1) To celebrate the 100th anniversary of the National Park Service, Google has put together a collection of virtual tours combining 360-degree video, panoramic photos and expert narration. It’s called “The Hidden Worlds of the National Parks” and is accessible right from the browser. You can choose from one of five different locales, including the Kenai Fjords in Alaska and Bryce Canyon in Utah, and get a guided “tour” from a local park ranger. Each one has a few virtual vistas to explore, with documentary-style voiceovers and extra media hidden behind clickable thumbnails. Ideas are included for use in classrooms. https://www.engadget.com/2016/08/25/google-offers-360-degree-tours-of-us-national-parks/. Learn More…
Posted: Thursday, September 22nd, 2016
CSTA is pleased to announce the winners of the 2016 CSTA Awards for Distinguished Contributions, Margaret Nicholson Distinguished Service Award, 2014 and 2015 PAEMST-Science recipients from California, and the 2016 California PAEMST Finalists. The following individuals and organizations will be honored during the 2016 California Science Education Conference on October 21- 23 in Palm Springs. This year’s group of awardees are truly outstanding. Please join us in congratulating them!
Margaret Nicholson Distinguished Service Award
The Margaret Nicholson Distinguished Service Award honors an individual who has made a significant contribution to science education in the state and who, through years of leadership and service, has truly made a positive impact on the quality of science teaching. This year’s recipient is John Keller, Ph.D. Dr. Keller is Associate Professor, Cal Poly San Luis Obispo and Co-Director, Center for Engineering, Science, and Mathematics Education, Cal Poly San Luis Obispo. In her letter of recommendation, SDSU science education faculty and former CSTA board member Donna Ross wrote: “He brings people together who share the desire to make a difference in the development and implementation of programs for science teaching. Examples of these projects include the Math and Science Teaching Initiative (MSTI), Noyce Scholars Program, Western Regional Noyce Initiative, and the Science Teacher and Researcher (STAR) program.” Through his work, he has had a dramatic impact on science teacher education, both preservice and in-service, in California, the region, and the country. He developed and implemented the STEM Teacher and Researcher Program which aims to produce excellent K-12 STEM teachers by providing aspiring teachers with opportunities to do authentic research while helping them translate their research experience into classroom practice. SFSU faculty member Larry Horvath said it best in his letter:“John Keller exemplifies the best aspects of a scientist, science educator, and mentor. His contributions to science education in the state of California are varied, significant, and I am sure will continue well into the future.” Learn More…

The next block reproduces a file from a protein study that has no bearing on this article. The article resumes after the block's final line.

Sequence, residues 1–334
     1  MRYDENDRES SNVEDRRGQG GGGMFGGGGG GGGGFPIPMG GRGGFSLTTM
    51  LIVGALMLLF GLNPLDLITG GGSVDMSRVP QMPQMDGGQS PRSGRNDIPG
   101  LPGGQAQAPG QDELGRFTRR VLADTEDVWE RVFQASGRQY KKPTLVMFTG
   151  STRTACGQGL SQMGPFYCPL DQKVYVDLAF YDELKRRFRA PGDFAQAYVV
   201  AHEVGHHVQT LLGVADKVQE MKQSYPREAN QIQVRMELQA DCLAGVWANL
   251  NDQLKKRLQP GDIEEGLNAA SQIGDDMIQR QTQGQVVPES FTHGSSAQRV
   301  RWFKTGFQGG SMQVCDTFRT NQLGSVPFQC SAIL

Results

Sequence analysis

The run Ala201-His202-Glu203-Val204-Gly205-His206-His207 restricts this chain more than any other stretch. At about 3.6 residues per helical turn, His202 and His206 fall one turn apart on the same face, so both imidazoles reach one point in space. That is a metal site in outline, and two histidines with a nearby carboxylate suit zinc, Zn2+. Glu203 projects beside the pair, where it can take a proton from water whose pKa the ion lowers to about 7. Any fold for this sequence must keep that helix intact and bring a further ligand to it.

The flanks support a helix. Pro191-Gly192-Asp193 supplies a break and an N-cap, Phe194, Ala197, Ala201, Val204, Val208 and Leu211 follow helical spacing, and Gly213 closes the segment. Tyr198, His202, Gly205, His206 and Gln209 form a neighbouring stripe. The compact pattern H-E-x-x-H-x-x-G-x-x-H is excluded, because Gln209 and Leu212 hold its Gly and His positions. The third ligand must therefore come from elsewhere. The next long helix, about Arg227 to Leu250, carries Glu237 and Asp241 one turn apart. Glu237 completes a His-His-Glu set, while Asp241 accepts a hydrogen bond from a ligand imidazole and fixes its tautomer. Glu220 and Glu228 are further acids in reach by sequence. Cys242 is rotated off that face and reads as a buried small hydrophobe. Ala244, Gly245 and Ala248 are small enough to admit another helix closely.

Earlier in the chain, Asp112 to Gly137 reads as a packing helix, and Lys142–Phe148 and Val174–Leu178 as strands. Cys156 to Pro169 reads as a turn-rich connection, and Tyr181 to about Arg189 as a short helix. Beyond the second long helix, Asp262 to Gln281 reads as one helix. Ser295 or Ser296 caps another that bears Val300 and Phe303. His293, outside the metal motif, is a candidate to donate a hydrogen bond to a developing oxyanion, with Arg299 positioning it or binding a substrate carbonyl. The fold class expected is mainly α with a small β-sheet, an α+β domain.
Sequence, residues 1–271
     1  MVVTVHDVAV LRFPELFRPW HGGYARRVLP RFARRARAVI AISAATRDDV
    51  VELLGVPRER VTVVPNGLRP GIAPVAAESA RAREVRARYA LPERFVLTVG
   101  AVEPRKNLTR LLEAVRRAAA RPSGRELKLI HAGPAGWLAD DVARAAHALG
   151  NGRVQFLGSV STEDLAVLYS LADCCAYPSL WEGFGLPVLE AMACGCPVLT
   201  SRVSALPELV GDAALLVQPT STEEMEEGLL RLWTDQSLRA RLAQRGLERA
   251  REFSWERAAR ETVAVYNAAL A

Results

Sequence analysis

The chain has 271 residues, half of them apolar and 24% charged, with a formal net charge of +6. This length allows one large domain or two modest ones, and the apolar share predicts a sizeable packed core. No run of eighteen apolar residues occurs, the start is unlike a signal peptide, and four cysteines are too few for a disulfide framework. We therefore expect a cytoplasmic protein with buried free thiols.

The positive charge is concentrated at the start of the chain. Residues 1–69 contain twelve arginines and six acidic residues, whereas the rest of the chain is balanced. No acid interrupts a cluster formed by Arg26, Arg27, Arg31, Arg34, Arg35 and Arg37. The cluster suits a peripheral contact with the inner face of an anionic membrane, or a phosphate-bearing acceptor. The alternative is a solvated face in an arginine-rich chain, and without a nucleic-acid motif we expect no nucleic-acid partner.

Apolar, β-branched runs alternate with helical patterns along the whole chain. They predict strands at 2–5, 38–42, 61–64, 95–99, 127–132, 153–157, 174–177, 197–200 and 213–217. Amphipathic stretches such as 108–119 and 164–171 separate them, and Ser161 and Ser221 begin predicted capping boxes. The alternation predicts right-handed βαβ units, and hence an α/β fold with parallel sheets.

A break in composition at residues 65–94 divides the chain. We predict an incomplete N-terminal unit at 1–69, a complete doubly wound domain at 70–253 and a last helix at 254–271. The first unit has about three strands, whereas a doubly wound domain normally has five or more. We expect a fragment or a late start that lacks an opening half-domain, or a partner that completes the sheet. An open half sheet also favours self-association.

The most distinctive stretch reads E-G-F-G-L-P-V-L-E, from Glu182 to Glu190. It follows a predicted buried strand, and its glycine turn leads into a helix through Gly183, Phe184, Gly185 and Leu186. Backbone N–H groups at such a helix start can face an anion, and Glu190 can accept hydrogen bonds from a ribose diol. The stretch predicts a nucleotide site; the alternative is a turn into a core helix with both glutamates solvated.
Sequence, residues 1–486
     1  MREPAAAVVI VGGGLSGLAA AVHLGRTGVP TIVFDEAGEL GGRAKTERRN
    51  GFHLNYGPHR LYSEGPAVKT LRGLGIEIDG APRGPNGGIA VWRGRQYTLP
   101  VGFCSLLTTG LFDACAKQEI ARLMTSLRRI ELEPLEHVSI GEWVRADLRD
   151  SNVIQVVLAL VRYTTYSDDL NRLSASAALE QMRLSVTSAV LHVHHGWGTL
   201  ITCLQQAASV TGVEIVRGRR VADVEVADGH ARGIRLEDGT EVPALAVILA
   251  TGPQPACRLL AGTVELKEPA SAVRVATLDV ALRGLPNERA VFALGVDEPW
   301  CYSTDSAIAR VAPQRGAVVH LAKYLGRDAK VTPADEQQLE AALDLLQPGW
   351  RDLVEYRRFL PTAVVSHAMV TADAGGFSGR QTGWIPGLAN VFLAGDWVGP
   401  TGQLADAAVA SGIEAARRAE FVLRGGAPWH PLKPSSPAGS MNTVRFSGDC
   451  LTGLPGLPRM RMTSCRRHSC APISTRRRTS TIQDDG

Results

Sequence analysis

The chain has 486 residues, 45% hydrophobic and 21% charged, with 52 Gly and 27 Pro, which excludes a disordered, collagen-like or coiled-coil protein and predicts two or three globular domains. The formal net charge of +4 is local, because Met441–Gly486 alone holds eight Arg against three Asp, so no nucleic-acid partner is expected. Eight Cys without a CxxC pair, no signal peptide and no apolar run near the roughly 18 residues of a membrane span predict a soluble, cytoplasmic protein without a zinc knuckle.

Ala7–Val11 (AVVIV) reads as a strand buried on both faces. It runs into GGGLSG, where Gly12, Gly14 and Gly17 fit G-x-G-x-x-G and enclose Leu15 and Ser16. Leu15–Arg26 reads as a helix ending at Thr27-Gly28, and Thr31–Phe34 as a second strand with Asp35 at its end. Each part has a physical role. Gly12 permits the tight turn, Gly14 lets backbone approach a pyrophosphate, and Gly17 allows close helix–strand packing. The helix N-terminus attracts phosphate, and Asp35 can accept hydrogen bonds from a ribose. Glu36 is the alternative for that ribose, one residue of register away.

Posted: Tuesday, September 20th, 2016
by Peter A’hearn
NGSS is a big shift. Teachers need to learn new content, figure out how this whole engineering thing relates to science, and develop new unit and lesson plans. How could NGSS possibly make life easier?
The idea that NGSS could make our lives easier came to me during the California State NGSS Rollout #1 Classroom Example lesson on chromatography. I have since done this lesson with high school chemistry students and it made me think back to having my own students do chromatography. I spent lots of time preparing to make sure the experiment went well and achieved the “correct” result. I pre-prepared the solutions and organized and prepped the materials. I re-wrote and re-wrote again the procedure so there was no way a kid could get it wrong. I spent 20 minutes before the lab modeling all of the steps in class, so there was no way to do it wrong. Except that it turns out there were many. Learn More…
Posted: Tuesday, September 20th, 2016
by Robert C. Victor. Twilight sky maps by Robert D. Miller. Graph of evening planet setting times by Dr. Jeffrey L. Hunt
Our evening twilight chart for September, depicting the sky about 40 minutes after sunset from SoCal, shows brilliant Venus remaining low, creeping from W to WSW and gaining a little altitude as the month progresses. Its close encounter within 2.5° N of Spica on Sept. 18 is best seen with binoculars to catch the star low in bright twilight. The brightest stars in the evening sky are golden Arcturus descending in the west, and blue-white Vega passing just north of overhead. Look for Altair and Deneb completing the Summer Triangle with Vega. The triangle of Mars-Saturn-Antares expands as Mars seems to hold nearly stationary in SSW as the month progresses, while Saturn and Antares slink off to the SW. Learn More…